CLARKSBURG, W.Va. — A recent report by the Chesapeake Bay Foundation has declared that the numbers of freshwater mussels in the Chesapeake Bay watershed has dropped drastically.
This region, which includes West Virginia’s Eastern Panhandle, is filled with mussels that play a vital part in the ecosystem, filtering the water and preventing pollutants from flowing downstream.
“Freshwater mussels really are the unsung heroes of our rivers and streams. But as their populations plummet, I’m afraid we could lose some mussel species before we fully understand their benefits,” said Chesapeake Bay Foundation Virginia Senior Scientist Joseph Wood.
The 11 species of mussels that live in West Virginia not only filter the state’s water, they also act as habitats for local aquatic wildlife.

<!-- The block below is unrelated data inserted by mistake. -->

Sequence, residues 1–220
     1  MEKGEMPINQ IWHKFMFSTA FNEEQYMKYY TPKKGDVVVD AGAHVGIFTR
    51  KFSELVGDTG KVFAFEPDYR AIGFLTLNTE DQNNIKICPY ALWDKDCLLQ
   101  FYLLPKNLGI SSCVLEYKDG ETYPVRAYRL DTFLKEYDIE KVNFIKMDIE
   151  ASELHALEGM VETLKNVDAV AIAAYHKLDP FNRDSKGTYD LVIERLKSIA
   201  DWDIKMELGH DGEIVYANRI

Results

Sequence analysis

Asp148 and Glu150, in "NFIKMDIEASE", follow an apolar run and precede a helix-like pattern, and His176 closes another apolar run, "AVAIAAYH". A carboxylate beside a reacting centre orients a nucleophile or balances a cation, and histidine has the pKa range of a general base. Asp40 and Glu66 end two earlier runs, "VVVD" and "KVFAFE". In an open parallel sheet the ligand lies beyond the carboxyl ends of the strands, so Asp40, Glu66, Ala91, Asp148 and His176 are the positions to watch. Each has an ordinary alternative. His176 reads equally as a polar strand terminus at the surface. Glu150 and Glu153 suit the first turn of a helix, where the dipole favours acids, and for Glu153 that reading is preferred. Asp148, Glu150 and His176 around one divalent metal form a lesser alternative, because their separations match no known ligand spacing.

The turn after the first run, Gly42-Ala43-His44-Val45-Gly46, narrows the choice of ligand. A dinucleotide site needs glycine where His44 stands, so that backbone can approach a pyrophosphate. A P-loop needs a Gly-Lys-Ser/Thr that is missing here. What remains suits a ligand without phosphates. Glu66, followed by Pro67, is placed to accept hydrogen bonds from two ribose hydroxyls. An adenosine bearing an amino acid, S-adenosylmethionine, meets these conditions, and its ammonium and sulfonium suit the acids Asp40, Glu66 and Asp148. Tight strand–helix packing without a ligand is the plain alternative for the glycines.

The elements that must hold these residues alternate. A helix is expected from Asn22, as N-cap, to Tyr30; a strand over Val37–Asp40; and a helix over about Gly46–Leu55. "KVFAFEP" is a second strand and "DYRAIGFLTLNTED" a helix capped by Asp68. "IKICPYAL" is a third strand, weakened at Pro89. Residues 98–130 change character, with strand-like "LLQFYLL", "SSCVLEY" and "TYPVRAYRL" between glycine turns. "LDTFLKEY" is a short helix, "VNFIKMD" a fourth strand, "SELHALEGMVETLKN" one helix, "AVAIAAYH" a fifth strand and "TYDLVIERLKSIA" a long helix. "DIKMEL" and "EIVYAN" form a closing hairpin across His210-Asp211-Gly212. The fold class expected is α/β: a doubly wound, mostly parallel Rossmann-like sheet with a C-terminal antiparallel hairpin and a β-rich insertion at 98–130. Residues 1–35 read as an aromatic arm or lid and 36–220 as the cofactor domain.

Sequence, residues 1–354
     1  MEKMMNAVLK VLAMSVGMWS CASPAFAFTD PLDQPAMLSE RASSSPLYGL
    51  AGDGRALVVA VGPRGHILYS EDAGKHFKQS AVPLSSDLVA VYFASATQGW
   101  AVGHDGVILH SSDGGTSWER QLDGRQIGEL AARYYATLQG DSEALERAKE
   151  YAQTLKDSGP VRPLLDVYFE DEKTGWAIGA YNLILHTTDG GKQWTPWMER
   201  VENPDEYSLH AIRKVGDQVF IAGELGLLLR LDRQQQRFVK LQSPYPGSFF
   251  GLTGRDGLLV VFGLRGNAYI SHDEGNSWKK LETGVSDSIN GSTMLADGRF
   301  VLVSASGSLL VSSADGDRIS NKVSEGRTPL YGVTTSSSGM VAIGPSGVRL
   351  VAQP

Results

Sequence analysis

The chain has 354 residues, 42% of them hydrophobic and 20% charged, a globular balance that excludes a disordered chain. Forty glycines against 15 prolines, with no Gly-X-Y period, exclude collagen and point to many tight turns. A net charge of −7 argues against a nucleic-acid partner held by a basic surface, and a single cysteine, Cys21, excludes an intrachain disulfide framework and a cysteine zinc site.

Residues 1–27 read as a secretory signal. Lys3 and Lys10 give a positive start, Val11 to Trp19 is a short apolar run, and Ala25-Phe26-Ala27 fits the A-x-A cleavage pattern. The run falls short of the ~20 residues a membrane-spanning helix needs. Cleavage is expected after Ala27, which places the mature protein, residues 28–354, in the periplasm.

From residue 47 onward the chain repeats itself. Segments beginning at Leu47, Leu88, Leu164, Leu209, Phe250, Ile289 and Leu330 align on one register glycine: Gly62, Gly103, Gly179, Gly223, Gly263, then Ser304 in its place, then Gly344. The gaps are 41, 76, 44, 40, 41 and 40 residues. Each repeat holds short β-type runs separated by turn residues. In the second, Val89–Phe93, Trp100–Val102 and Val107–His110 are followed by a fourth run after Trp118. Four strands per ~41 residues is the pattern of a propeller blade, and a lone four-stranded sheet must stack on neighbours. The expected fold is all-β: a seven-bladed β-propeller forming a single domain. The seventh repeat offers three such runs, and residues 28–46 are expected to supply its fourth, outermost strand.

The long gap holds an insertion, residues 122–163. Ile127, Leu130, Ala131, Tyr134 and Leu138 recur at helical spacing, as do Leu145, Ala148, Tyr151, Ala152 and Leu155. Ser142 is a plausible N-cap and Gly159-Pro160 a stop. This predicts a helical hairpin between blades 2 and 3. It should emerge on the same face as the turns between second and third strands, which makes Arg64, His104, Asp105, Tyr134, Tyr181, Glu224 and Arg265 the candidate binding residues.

These mussels are facing extinction due to pollution, dams, climate change, viruses and loss of habitat. The population drop has been estimated to be around 90% since the 1600s.
“Conservation of our remaining mussel resources has increasingly become an important goal for the state,” said West Virginia Division of Natural Resources mussel biologist Kevin Eliason. “In the coming years we are excited to also begin active propagation efforts at a planned mussel hatchery facility that will allow reintroduction and restoration of mussel populations throughout West Virginia.”
The press release also said that insufficient funding, research and a lack of a restoration plan have slowed down progress. Federal funding from the Chesapeake WILD Act have been of some aid, but more funding and dedication is required in order to combat the destruction of West Virginia’s mussel population.